Digital Markets Act - Part II: Enforcement and Governance (cepPolicyBrief COM2020_842)


The second part of the cepPolicyBrief on the Digital Markets Act examines enforcement and procedures of the planned law. Enforcement at the EU level avoids divergent application of the DMA in the individual member states. However, to ensure speedy procedures, national authorities should be involved in the application of the DMA.


The Centrum für Europäische Politik (cep) has examined the Brussels law in two in-depth analyses. The main criticism is that "the Commission's planned power to create new obligations for gatekeepers through delegated acts violates EU primary law," says cep lawyer Lukas Harta, who wrote the analysis with cep economists Matthias Kullas and Alessandro Gasparotti.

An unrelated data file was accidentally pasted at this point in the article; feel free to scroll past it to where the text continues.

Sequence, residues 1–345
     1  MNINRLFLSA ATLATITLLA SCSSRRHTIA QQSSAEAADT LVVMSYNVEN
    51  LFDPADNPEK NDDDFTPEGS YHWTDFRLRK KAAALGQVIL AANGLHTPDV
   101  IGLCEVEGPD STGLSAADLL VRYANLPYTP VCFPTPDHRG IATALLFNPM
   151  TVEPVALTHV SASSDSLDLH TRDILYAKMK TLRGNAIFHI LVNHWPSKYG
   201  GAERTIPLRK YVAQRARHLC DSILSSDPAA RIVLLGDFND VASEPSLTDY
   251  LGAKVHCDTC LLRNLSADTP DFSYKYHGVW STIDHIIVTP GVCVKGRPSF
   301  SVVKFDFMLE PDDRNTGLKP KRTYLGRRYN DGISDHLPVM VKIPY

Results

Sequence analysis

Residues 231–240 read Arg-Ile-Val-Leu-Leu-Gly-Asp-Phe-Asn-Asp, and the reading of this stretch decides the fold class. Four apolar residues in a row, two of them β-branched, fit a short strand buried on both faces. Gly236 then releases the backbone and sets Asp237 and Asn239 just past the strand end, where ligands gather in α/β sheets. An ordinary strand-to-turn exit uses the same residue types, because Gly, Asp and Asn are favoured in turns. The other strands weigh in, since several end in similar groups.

"The Commission's blanket right to conduct on-site inspections without specifying conditions also violates Article 52 (1) of the Charter of Fundamental Rights," Harta warns. In addition, the DMA does not sufficiently clarify its relationship to national law. According to Harta, the fact that enforcement of the DMA is to lie with the Commission does avoid distortions of competition that could arise from different interpretations of the DMA. However, the experienced national authorities should be involved to ensure swift enforcement if only one member state is affected.

The major Internet groups are already resisting the Commission's plans for new rules in the digital business. Apple, for example, complains that the DMA in its current form endangers the security and data protection of iPhone users. Facebook warns of overly strict requirements that threaten to stifle innovation.